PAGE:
Stimson gets three years in fatal Cordova crash

Enrique Zamudio remembered as family speaks at hearing

Enrique Zamudio played guitar during the July 2016 Salmon Jam music festival in Cordova. Zamudio's family remembered his love of music in the Cordova Courthouse on Dec. 5, 2017. J.D. Stimson will serve three years in prison for criminally negligent homicide and driving under the influence in the vehicle crash death of his friend Zamudio in August 2016. Photo by Cinthia Gibbens-Stimson/The Cordova Times file, 2016
Enrique Zamudio played bass guitar during the July 2016 Salmon Jam music festival in Cordova. Zamudio's family remembered his love of music in the Cordova Courthouse on Dec. 5, 2017. J.D. Stimson will serve three years in prison for criminally negligent homicide and driving under the influence in the vehicle crash death of his friend Zamudio in August 2016. The Cordova Times file photo, 2016

J.D. Stimson will serve three years in prison for criminally negligent homicide and driving under the influence in the vehicle crash death of his friend Enrique Zamudio in August of 2016.

“This has been the hardest, most painful, brutally honest year of my life and I can only imagine what it’s been like for the Zamudio family,” Stimson said during the sentencing at the Cordova courthouse on Dec. 5. “I lost someone I loved deeply.”

Through tears, Stimson addressed the court and Zamudio family, “I’m sorry for not learning my lesson the first time. I’m sorry for putting Enrique and the community in danger and I’m sorry for ripping the darkest, most painful hole into the Zamudio family.”

Stimson, then 19, lost control of his vehicle and struck a utility pole on August 9, 2016 on First Street near the ferry terminal, according to Cordova police records. Zamudio, 18, a passenger in the vehicle, was fatally injured.

Stimson had a breath alcohol concentration of .105 percent at the time of the crash. Alaska’s legal blood alcohol limit for driving is .08 percent.

He was arrested on four charges, including vehicular manslaughter, criminally negligent homicide, driving under the influence and misconduct involving weapons in the fourth degree.

Stimson pleaded guilty to criminally negligent homicide and DUI, and was convicted of those two charges on Sept. 13 of this year. The other two charges were dismissed.

He was remanded to Anchorage Department of Corrections and awaited sentencing in the Cook Inlet Pretrial facility in Anchorage.

Stimson’s sentence of seven years to serve, with four suspended, will include five years of supervised probation with general/alcohol conditions, including no alcohol.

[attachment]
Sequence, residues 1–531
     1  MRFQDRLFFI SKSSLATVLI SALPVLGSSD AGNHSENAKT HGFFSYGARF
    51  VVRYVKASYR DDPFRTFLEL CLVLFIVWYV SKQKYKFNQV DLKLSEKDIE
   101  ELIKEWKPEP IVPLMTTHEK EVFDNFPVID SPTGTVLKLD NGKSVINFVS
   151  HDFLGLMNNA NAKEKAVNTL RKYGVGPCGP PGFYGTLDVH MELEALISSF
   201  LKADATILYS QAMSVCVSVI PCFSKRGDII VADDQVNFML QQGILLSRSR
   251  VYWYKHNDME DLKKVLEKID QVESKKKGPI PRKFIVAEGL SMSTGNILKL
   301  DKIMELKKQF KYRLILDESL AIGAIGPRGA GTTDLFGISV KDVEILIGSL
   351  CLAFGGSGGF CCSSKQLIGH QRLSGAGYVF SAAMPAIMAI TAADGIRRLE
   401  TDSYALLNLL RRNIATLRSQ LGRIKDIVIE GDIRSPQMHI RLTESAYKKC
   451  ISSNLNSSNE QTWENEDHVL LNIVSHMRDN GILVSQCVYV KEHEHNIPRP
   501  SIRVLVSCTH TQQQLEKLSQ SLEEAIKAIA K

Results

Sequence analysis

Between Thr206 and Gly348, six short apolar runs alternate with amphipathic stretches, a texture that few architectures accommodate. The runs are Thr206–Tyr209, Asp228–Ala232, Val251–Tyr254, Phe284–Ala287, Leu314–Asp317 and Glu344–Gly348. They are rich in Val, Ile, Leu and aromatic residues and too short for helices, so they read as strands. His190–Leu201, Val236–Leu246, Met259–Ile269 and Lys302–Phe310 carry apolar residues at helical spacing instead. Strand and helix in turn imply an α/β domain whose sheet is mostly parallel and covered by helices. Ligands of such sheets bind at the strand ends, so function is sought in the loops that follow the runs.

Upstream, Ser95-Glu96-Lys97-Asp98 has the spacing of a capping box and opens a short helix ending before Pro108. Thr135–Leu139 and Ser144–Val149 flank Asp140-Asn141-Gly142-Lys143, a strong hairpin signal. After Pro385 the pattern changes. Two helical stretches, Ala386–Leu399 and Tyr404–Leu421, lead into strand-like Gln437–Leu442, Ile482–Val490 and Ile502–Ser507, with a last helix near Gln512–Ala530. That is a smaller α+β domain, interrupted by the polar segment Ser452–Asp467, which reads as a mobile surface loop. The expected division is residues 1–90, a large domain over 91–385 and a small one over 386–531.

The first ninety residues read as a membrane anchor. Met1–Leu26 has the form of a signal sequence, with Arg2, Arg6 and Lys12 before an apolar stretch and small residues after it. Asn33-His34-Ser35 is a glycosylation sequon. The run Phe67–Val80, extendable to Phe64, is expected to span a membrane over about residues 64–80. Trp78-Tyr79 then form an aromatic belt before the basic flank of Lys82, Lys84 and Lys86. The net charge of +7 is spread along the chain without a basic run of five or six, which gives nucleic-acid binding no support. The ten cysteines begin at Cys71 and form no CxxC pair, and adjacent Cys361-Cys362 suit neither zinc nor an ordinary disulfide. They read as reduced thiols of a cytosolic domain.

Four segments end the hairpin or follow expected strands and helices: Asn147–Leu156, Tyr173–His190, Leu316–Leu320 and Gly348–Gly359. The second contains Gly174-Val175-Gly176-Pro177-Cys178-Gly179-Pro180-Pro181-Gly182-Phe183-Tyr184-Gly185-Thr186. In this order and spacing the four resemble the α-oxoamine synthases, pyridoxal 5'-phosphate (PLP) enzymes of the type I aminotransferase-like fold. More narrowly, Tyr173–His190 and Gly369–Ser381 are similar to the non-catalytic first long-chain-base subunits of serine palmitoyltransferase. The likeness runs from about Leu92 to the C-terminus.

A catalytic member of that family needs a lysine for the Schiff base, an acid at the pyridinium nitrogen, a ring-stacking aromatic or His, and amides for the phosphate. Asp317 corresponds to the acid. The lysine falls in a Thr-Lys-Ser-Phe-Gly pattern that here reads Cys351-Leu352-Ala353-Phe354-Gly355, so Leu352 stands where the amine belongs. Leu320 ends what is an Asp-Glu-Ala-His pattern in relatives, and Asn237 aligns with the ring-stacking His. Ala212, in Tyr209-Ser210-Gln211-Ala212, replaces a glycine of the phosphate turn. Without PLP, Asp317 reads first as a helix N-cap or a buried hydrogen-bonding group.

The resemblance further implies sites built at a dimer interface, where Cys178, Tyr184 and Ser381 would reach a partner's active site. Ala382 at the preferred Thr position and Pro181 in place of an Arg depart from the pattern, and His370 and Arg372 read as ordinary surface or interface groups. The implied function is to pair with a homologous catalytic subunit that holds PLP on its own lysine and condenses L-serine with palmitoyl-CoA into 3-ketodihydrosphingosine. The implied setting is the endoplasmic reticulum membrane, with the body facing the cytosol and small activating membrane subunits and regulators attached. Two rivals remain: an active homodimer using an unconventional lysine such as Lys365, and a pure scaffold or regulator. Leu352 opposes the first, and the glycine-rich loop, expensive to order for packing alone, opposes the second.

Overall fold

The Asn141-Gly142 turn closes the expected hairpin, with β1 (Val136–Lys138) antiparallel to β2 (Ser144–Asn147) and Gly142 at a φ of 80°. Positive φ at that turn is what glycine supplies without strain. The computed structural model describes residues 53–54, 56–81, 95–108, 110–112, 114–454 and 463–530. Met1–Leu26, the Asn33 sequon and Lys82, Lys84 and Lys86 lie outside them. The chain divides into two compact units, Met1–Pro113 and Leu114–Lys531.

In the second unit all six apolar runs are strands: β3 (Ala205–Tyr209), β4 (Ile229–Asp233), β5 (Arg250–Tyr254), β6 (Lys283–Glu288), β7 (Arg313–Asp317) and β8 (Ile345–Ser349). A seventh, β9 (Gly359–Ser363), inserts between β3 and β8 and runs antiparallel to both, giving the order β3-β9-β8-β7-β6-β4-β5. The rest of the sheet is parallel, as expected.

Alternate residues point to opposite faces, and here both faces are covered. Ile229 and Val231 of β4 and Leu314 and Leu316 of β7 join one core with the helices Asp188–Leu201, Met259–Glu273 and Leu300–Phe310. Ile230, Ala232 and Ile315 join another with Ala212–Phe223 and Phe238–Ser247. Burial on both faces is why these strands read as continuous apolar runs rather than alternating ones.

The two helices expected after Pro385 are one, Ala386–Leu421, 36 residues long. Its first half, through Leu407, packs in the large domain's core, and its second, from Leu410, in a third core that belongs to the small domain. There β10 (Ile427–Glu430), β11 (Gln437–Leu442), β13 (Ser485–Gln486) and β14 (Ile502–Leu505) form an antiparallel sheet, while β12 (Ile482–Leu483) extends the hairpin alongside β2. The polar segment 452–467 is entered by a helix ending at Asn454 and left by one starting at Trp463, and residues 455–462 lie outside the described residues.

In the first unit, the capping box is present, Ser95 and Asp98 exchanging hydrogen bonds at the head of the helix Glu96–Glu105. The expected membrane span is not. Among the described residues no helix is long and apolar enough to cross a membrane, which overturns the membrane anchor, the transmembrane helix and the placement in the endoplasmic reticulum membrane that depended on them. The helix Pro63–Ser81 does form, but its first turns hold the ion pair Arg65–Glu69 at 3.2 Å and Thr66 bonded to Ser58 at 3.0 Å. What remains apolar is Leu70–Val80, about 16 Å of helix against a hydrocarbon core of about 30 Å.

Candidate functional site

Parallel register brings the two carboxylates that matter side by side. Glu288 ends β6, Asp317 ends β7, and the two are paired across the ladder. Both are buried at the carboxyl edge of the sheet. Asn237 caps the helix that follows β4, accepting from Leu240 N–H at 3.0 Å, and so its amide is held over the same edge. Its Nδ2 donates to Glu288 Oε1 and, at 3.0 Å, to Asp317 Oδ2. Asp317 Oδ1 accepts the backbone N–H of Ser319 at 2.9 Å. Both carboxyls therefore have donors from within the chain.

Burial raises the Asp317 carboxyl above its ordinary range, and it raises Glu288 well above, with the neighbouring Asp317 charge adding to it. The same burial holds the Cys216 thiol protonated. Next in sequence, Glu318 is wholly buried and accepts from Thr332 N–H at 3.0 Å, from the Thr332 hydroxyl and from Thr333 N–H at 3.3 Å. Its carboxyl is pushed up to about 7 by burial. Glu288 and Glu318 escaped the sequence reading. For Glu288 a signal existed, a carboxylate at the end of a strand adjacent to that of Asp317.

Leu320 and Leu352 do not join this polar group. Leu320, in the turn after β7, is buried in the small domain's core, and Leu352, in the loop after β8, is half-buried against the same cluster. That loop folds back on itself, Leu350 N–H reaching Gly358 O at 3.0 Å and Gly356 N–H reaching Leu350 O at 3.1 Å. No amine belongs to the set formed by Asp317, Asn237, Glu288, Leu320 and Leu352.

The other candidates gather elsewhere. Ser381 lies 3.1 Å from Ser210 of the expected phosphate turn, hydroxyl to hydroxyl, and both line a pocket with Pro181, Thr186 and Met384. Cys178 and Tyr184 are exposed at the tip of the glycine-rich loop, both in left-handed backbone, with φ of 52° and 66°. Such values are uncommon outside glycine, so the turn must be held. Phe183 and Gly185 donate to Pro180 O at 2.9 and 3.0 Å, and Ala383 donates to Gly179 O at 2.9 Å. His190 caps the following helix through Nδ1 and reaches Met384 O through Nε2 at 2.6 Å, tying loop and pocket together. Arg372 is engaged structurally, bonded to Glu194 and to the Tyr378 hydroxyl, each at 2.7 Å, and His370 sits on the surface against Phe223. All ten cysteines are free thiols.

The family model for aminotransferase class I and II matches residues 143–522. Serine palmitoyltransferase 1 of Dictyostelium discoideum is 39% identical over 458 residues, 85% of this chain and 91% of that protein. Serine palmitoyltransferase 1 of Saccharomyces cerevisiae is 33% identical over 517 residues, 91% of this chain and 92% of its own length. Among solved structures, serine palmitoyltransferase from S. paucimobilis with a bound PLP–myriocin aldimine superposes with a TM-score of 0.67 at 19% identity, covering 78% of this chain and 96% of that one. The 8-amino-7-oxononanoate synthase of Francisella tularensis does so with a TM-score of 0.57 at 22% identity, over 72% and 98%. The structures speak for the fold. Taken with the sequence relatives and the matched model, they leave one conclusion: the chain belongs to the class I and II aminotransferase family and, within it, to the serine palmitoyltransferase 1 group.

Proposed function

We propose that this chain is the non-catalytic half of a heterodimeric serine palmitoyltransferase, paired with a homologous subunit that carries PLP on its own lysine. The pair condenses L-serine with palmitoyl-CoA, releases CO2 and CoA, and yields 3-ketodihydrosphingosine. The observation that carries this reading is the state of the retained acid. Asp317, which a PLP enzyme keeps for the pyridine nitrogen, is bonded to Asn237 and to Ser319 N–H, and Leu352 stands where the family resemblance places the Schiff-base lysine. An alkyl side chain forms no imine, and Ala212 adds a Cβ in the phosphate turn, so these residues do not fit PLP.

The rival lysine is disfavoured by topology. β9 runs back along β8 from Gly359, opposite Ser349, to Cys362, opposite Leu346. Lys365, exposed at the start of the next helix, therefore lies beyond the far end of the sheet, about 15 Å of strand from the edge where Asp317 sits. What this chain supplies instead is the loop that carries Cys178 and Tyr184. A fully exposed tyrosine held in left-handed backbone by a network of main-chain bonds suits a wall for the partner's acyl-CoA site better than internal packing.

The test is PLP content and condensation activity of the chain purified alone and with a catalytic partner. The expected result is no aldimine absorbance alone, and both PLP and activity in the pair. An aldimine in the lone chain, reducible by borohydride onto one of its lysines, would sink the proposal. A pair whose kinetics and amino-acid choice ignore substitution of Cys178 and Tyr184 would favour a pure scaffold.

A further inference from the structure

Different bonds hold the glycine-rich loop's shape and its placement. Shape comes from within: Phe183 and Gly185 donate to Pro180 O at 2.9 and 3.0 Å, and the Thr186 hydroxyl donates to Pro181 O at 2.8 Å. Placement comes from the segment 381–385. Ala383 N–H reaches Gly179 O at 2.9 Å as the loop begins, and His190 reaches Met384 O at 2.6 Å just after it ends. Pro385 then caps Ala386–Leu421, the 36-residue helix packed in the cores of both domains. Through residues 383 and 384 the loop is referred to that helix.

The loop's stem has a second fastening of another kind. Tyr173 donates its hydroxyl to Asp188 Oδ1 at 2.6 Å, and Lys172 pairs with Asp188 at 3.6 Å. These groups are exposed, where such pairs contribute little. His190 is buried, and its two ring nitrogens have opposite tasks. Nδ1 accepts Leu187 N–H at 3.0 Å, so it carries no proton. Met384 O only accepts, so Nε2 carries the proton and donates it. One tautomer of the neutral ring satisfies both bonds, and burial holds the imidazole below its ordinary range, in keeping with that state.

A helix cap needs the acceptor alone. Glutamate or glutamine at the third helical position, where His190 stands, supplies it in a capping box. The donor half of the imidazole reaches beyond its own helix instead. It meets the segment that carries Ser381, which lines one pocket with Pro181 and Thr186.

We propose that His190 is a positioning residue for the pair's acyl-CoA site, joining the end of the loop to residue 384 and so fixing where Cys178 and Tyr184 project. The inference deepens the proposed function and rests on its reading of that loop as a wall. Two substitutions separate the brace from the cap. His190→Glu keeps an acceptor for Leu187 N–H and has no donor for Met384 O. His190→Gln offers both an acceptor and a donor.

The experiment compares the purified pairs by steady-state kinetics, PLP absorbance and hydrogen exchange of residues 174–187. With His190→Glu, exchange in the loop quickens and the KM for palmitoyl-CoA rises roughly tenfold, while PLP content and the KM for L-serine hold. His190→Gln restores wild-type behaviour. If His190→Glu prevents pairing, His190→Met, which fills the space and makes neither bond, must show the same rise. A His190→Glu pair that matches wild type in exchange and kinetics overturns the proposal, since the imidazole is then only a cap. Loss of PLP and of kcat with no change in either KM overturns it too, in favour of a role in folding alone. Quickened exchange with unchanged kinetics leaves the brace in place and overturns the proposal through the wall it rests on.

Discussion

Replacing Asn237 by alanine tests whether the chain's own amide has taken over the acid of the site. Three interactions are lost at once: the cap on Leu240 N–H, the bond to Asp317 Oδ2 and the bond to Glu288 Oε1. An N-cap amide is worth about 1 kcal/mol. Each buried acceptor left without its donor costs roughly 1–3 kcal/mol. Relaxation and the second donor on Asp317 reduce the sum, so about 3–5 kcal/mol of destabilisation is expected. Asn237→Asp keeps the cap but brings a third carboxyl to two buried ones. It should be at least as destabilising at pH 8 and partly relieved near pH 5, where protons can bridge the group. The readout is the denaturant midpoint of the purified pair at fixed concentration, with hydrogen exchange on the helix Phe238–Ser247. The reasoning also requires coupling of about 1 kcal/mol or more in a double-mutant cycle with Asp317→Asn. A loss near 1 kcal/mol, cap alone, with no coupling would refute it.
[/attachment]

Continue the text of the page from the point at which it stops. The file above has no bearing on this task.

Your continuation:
Enrique’s mother, Kathleen Zamudio, spoke to the court about her son’s passion for music. “I would always listen, turn off the T.V., and sit upstairs and listen to him,” Zamudio said.

She also spoke of his involvement in wrestling, lifeguarding, band, choir and drama. Enrique graduated from Cordova High School in May 2016, working throughout his final year to earn money for college. He dreamed of one day becoming a successful musician, she said, adding that she will miss hearing his music.

“When I talk about my boys, I realize I won’t have any more memories of my boys together,” she said. “I have my eldest son, who is now my only son.”

Adam Zamudio, Enrique’s brother, addressed chronic alcohol-related issues in rural Alaska during his comments to the court. “I don’t believe that it should take a fatal incident to get the point across,” he said, adding that teenagers are not being properly held accountable for their actions. “(J.D.) will have the rest of his life to grow and learn and Enrique has none of that and he never will,” Adam Zamudio said.

Superior Court Judge Pro Tempore Daniel Schally spoke on the impact of drug and alcohol abuse in rural Alaska before delivering the sentencing.

“Minor consuming’s in the state are all too common … 95 percent of what I do involves drugs or alcohol,” he said. “It’s true all over the place. It’s true in Sand Point, in Ketchikan and Craig and Nome and Valdez and Glennallen and here.”

Enrique’s father Keith Zamudio also spoke at the sentencing. He said you never get used to the death of a child but you learn to live with it.

“All the evidence that we heard today with regards to rehabilitation is all well and fine, but time will be the true measure of what J.D. accomplishes,” Keith Zamudio said. “I’m sorry that it took the death of my son to make J.D. understand that a life change is in order.”

In addition to the three years of incarceration, Stimson must pay a $1,500 fine and has been ordered to complete 150 hours of community work service. He must also contact the Cordova School District within 60 days of release from incarceration and arrange to speak to students about his crime and its effect, according to court documents.

SHARE
Previous article$6,000-plus raised by Tacos for Toys
Next articleObituary: Grandpa Mayland Christopher Johnson
Emily Mesner is a staff reporter and photographer for The Cordova Times. Reach her at emesner@thecordovatimes.com. Emily graduated from Central Michigan University, earning a degree in photojournalism with a cultural competency certificate. She first visited Alaska in 2016, working as a media intern for the National Park Service in Kotzebue and Denali National Park and Preserve, and has been coming back ever since. To see more photos, follow @thecordovatimes and @emilymesnerphoto on Instagram.